Israel has joined the ranks of several other countries including Japan, Italy, Germany and France in passing a verdict against Google for its Autocomplete results (here is a link to the news item in Hebrew).
To sum up the article, an “online entrepreneur” named Tzahi Rozental sued Google for showing Autocomplete results that included the equivalent of “fraud,” “con man” and “scam” in Hebrew after his name. Google and Rozental reached a compromise where Google will pay Rozental reparations of 30,000NIS (about $8,000) and will not return libelous Autocomplete results for his name. To be fair to Google, Tzahi Rozental has a business making money off of the Internet. It isn’t too farfetched that people might be conducting those actual searches.
So this is another win for the average citizen against a huge corporation. Well, kind of.
There is a symbiosis between the search engines and their users. It is obvious that search engines learn from our behavior. Companies like Google constantly tweak the algorithms based on how we search for information to provide us with better, more accurate search results.
But it also works the other way round.
Search engines are teaching us how to conduct searches. How else to explain the number of people whose Autocomplete suggestions have the word “fraud,” “bankrupt,” “divorce” or “arrest” next to them?
Google claims that its Autocomplete suggestions are based on real searches conducted by real people. Quite often, however, when you click on the provocative suggestion, there are no results. Why, then, offer a suggestion knowing the search will lead nowhere?
It could be that Google has collected the most popular searches included with names and then just regurgitates them back when you type in a specific name.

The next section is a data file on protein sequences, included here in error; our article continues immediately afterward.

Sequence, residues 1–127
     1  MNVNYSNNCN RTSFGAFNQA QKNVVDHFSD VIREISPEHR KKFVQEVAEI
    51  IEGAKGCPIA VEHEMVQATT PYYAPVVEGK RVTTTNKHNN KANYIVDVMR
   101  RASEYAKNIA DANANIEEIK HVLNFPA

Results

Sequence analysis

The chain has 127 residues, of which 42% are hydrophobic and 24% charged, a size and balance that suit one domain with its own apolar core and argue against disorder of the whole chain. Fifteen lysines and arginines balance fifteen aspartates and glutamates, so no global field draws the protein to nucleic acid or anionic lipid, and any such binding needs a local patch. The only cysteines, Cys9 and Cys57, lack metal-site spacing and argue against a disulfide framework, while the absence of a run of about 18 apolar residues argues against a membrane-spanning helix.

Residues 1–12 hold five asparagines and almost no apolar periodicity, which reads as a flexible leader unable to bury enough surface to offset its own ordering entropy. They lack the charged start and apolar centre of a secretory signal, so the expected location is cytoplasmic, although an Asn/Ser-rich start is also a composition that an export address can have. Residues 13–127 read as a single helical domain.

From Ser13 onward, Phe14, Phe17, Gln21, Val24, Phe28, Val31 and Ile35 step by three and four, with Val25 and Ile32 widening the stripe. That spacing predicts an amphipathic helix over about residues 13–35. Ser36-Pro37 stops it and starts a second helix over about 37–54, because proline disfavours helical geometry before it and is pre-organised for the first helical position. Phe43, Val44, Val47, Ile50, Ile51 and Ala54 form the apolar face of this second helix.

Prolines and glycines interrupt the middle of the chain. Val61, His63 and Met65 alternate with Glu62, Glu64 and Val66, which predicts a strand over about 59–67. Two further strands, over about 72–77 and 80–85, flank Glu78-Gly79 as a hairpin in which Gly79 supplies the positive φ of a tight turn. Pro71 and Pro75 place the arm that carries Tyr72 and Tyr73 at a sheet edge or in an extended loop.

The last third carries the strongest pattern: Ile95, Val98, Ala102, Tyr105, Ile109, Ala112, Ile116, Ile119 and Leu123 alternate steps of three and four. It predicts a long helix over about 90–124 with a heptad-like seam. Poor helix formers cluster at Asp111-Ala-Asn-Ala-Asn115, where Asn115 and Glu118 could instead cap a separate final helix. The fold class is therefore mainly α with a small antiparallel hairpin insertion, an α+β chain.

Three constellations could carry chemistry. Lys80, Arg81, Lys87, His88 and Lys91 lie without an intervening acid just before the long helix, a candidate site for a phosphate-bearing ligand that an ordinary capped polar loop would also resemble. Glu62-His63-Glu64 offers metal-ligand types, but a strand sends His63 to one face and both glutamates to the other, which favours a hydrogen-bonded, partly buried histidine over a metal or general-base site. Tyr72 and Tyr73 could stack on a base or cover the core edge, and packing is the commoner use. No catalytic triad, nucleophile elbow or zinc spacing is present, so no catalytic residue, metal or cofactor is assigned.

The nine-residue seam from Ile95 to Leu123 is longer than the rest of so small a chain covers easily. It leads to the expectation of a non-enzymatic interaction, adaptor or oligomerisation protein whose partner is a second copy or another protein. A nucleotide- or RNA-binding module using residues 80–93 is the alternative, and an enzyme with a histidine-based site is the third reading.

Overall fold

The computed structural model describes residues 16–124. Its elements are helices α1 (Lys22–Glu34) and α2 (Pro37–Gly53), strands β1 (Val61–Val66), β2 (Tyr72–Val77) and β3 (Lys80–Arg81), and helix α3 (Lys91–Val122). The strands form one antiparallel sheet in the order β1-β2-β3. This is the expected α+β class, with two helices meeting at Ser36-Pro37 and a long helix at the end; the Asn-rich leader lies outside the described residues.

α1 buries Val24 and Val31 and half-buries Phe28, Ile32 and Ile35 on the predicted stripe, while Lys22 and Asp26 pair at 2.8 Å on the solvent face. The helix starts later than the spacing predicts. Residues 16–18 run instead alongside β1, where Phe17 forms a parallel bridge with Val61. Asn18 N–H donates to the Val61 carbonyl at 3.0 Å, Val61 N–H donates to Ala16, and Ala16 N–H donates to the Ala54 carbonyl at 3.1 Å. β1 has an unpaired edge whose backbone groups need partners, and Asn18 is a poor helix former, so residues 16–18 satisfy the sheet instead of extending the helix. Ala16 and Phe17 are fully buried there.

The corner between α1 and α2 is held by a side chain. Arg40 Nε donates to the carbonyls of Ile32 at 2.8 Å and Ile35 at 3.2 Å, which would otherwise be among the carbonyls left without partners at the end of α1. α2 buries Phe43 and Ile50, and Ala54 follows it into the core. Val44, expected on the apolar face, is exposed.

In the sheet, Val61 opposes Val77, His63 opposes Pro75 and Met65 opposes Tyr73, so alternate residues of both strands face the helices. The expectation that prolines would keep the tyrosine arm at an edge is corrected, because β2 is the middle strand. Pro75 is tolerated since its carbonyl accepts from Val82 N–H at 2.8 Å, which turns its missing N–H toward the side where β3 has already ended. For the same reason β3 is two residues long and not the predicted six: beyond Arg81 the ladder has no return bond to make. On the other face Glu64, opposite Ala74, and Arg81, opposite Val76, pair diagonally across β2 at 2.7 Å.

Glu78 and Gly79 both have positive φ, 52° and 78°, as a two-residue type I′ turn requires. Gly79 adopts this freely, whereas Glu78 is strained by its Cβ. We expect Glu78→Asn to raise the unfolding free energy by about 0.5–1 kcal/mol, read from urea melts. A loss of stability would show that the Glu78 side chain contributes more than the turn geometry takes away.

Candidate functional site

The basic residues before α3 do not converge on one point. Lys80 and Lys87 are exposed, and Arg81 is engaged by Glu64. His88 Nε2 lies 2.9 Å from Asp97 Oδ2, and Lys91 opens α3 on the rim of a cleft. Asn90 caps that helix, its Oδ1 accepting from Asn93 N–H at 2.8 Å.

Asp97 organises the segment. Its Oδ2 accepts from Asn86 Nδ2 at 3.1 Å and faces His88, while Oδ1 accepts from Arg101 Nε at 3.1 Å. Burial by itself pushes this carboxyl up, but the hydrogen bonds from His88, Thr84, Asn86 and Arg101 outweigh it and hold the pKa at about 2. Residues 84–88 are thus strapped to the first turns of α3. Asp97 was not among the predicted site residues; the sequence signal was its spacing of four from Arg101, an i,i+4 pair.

More likely, however, it is that we have learned that to find the really interesting stuff on a person we need to enter these specific words. We try.
Hmmm, let’s see if my CPA is a fraud. Nope, nothing came up.
OK, let’s see if my family practitioner has ever been arrested. Nope, well that’s good to know.
These little background checks have the potential to ruin a person’s career.
Changing Google Autocomplete
The answer to changing Google Autocomplete lies in how the libelous suggestions got there in the first place: you need to have people searching for something else. (This article suggests first checking that you haven’t inadvertently created the results yourself.)
How many people?
It depends on how popular your name is. If you have an uncommon name, then a couple of different people searching for the same simple search daily over the course of a couple of months will probably do the trick. For example, your name + the city you are from or your name + Facebook. It will probably be necessary to maintain the positive search suggestions by continuing to search for the desired Autocomplete suggestions on a regular basis.
If you are someone even mildly famous, like Rozental who advertises online and has many search results for his name, asking your buddies to search for you twice a week isn’t going to make a dent in the Autocomplete results.
In such a case, changing Google Autocomplete results will probably require professional assistance. You could sue Google like Rozental but your chances of winning aren’t great and might cause something similar to the Streisand effect. Online reputation management has several strategies for changing Google Autocomplete results to make them more truthful (and less slanderous).